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I share a server (Ubuntu 11.04) with other people and I am the only one who has to use gcc 4-4 for my code, the rest is using 4.5. I already installed gcc 4.4 but how do I make it the default for me, without disturbing the others?

Clarification

The solution needs to work for Makefiles and such.

Update

I tried jw013 idea, but I think I screwed up. I created the symlink with ln -s /usr/bin/gcc-4.4 ~/bin/gcc and now my .bashrc wont load again. Here are the error messages:

Command 'lesspipe' is available in the following places
 * /bin/lesspipe
* /usr/bin/lesspipe
The command could not be located because '/usr/bin:/bin' is not included in the PATH environment variable.
lesspipe: command not found
Command 'dircolors' is available in '/usr/bin/dircolors'
The command could not be located because '/usr/bin' is not included in the PATH environment variable.
dircolors: command not found
Command 'uname' is available in '/bin/uname'
The command could not be located because '/bin' is not included in the PATH environment variable.
uname: command not found
-bash: [: =: unary operator expected
Command 'sed' is available in '/bin/sed'
The command could not be located because '/bin' is not included in the PATH environment variable.
sed: command not found
Command 'ls' is available in '/bin/ls'
The command could not be located because '/bin' is not included in the PATH environment variable.
ls: command not found
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1  
Looks like you screwed up your $PATH. Did you change that recently? –  jw013 Oct 7 '11 at 18:46
1  
I think I added export PATH="$HOME/bin" to my .bashrc. I am not sure, but removed the line after the errors and tried source .bashrc which did not help. :/ –  Framester Oct 7 '11 at 19:05
2  
That line you added wiped out your other PATH values which explains all the errors. .bashrc is not the correct place to change $PATH because it is sourced on every new shell. You should do that in .profile. 2. Most default .profiles I've seen already include a if [ -d "$HOME/bin" ]; then PATH="$HOME/bin:$PATH"; fi. If yours doesn't you can just add it. –  jw013 Oct 7 '11 at 19:09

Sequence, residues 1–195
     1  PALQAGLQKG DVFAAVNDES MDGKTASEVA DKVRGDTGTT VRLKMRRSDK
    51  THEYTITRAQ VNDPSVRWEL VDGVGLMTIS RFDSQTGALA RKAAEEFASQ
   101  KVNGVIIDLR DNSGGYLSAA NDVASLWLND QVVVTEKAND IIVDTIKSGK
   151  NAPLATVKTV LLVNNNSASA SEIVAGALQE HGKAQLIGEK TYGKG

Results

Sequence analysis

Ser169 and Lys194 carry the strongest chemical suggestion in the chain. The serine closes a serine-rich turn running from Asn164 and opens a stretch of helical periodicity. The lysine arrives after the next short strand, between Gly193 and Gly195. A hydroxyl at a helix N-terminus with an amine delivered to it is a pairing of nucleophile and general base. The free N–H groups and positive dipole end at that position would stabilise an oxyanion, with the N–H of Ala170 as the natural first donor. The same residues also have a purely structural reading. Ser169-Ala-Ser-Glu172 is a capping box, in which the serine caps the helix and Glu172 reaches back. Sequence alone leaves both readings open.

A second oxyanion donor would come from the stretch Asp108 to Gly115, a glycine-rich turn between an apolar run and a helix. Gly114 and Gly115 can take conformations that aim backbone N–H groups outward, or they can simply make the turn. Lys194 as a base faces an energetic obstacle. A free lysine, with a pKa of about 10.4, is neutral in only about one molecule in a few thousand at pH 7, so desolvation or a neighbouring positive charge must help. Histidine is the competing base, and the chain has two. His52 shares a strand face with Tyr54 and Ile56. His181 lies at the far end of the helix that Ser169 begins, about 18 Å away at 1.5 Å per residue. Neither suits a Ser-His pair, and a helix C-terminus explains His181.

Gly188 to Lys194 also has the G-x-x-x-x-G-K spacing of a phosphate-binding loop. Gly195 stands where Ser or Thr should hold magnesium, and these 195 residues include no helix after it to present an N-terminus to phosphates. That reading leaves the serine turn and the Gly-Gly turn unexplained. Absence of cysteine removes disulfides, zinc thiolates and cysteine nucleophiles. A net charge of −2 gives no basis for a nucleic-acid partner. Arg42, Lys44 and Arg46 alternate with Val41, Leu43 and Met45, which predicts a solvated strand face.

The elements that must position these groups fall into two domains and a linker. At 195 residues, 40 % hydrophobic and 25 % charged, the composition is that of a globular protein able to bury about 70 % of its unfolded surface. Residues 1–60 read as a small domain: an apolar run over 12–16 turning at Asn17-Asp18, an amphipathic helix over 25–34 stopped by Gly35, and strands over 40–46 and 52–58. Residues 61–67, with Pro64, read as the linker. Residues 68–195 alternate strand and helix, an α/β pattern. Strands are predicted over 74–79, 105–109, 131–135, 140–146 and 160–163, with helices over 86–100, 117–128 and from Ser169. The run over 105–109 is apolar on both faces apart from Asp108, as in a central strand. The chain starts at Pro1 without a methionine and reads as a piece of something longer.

Okay, how can I repair my PATH values? My now corrected .bashrc and .profile only return these above errors. –  Framester Oct 7 '11 at 19:20
1  
For a really clean environment, log out and back in after you've fixed your files. –  jw013 Oct 7 '11 at 19:24
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2 Answers

up vote 4 down vote accepted

The easiest method I can think of is to make a ~/bin directory inside your $HOME, add a symlink ~/bin/gcc to /usr/bin/gcc-4.4 or wherever your gcc-4.4 is located, and make sure ~/bin is at the beginning of your $PATH like this:

export PATH=~/bin:$PATH
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Thanks for your help! –  Framester Oct 7 '11 at 19:34
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You could define an alias. Add this to your ~/.bashrc file:

alias gcc='/usr/bin/gcc-4.4'

It would do the trick but it's a little hackish. I would recommend using jw013's symlink method.

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This seems easier, but I still get an error message when running the Makefile stating that gcc4.5 is unsupported. –  Framester Oct 7 '11 at 18:16
2  
Aliases are only useful to you if you compile from the command line. If you're compiling from a Makefile, it won't be enough. –  rahmu Oct 7 '11 at 18:22
    
+1 for the explanation –  Framester Oct 7 '11 at 18:24
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